The following programs are programs that I find useful and/or fun.
2001/12/02: Two years ago, my wife Carol and I decided that our children's education would not be complete without some grounding in modern computers. To this end, we bought our children a brand new Compaq to learn with. The kids had a lot of fun using the handful of application programs we'd bought, such as Adobe's Photoshop and Microsoft's Word, and my wife and I were pleased that our gift was received so well. Our son Peter was most entranced by the device, and became quite a pro at surfing the net. When Peter began to spend whole days on the machine, I became concerned, but Carol advised me to calm down, and that it was only a passing phase. I was content to bow to her experience as a mother, until our youngest daughter, Cindy, charged into the living room one night to blurt out: "Peter is a computer hacker!
There are, unfortunately, many hacking manuals available in bookshops today. A few titles to be on the lookout for are: "Snow Crash" and "Cryptonomicon" by Neal Stephenson; "Neuromancer" by William Gibson; "Programming with Perl" by Timothy O'Reilly; "Geeks" by Jon Katz; "The Hacker Crackdown" by Bruce Sterling; "Microserfs" by Douglas Coupland; "Hackers" by Steven Levy; and "The Cathedral and the Bazaar" by Eric S. Raymond.
If you find any of these hacking manuals in your child's possession, confiscate them immediately. You should also petition local booksellers to remove these titles from their shelves. You may meet with some resistance at first, but even booksellers have to bow to community pressure.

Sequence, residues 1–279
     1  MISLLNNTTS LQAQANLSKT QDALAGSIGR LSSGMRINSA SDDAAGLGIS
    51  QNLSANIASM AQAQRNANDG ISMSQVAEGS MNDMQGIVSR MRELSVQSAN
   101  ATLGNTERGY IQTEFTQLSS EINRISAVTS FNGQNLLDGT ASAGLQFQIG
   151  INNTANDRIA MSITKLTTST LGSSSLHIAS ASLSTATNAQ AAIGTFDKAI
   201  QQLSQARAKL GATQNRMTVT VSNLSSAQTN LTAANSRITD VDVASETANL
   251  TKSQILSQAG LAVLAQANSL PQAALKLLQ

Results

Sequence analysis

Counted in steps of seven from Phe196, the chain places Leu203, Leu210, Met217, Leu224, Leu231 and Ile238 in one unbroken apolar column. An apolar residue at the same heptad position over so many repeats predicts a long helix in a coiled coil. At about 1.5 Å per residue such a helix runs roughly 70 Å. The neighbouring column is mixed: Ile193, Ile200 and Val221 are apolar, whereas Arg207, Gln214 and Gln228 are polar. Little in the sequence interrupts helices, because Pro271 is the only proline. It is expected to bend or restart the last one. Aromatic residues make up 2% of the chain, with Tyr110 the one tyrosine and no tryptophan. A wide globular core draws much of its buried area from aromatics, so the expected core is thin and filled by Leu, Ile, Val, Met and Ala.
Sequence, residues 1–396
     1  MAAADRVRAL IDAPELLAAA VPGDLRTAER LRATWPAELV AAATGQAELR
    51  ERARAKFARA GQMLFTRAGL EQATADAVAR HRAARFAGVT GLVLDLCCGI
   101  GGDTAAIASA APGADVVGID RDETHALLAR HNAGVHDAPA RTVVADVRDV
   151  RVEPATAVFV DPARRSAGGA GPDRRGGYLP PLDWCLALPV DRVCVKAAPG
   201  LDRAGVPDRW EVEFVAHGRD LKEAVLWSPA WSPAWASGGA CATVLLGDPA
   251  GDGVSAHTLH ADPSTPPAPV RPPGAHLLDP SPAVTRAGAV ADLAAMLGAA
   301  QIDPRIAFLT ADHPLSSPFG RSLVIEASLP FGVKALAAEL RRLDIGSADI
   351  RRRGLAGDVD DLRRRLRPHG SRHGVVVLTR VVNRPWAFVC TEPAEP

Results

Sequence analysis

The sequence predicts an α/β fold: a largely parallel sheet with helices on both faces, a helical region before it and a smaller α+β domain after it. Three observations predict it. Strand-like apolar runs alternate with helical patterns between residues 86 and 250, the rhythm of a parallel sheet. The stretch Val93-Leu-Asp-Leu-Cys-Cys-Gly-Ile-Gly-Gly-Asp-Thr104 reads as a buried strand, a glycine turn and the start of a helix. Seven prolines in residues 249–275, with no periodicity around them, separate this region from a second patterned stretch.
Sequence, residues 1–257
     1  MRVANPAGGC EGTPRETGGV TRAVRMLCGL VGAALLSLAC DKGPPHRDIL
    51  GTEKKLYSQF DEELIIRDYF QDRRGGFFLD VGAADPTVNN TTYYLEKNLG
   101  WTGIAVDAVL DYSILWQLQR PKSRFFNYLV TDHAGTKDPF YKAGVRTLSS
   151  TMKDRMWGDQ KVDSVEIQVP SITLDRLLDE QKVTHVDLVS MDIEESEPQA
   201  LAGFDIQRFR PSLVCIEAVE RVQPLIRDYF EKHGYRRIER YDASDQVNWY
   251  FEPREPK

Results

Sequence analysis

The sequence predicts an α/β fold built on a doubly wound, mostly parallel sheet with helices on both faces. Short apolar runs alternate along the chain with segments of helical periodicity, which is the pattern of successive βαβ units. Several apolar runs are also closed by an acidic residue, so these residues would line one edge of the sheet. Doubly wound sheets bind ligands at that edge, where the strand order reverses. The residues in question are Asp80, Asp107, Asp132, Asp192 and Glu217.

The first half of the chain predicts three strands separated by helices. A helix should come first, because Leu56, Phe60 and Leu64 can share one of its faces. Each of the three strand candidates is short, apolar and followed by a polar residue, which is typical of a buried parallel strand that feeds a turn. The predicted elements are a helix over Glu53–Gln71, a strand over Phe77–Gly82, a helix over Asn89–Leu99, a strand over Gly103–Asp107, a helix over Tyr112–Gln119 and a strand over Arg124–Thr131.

Get-girls-to-code initiatives aim to fix tech's gender imbalance - but they may help reinforce it
I was inspired to write this by the recent announcements of public desire for a Debian fork, an idea that I find to be dumb and which likely will not lead to a lot of technical work.
Someone high on coke, Skittles and slinging code is not a good candidate for basic training."
A bunch of us - Sara, Ellen, Sabrina, Kat, Joanne, Angelina, Jessica, Jennifer, Divya - have been thinking about what this means for us.
Hackerspaces open up areas struck by digital exclusion. They install organic solar panels and local Internet radio stations. They can even transform abandoned water troughs into eco-jacuzzis.
When Gene Homicki co-founded the West Seattle Tool Library there were less than 20 tool libraries in existence. Running one was a low-tech affair with either "old, clunky software" or pen and paper to keep track of inventory and loans. There are now nearly 60 tool libraries around the world with an estimated 20 more in the works.
Clicca qui per scaricare una versione in pdf Tutto doveva rendere e rendeva: persino le immense pietraie e le fasce detritiche, le lingue glaciali e i pendii scoscesi, infatti da quando avevano scoperto la natura e qualsiasi imbecille poteva sentirsi un essere superiore nella solitudine dei monti, anche l'industria turistica era diventata possibile: gli ideali
The file, jargon.txt was maintained on MIT-AI for many years, before being published by Guy Steele and others as the Hacker's Dictionary. Many years after the original book went out of print, Eric Raymond picked it up, updated it and republished it as the New Hacker's Dictionary. Unfortunately, in the process, he essentially destroyed what held it together, in various ways: first, by changing its emphasis from Lisp-based to UNIX-based (blithely ignoring the distinctly anti-UNIX aspects of the LISP culture celebrated in the original); second, by watering down what was otherwise the fairly undiluted record of a single cultural group through this kind of mixing; and third, by adding in all sorts of terms which are "jargon" only in the sense that they're technical. This page, however, is pretty much the original, snarfed from MIT-AI around 1988.
For Unix Admins, By Unix Admins
1999/05/31: It was an age of heros, those days. Men of action, of vision, of legend. They swashbuckled across the technological stage, making their mark. They took naked chips and gave them soul. It seems so long ago, looking back from our perspective of comfort and complacency. We stand on their shoulders, and they deserve our credit and our thanks. They shaped our world.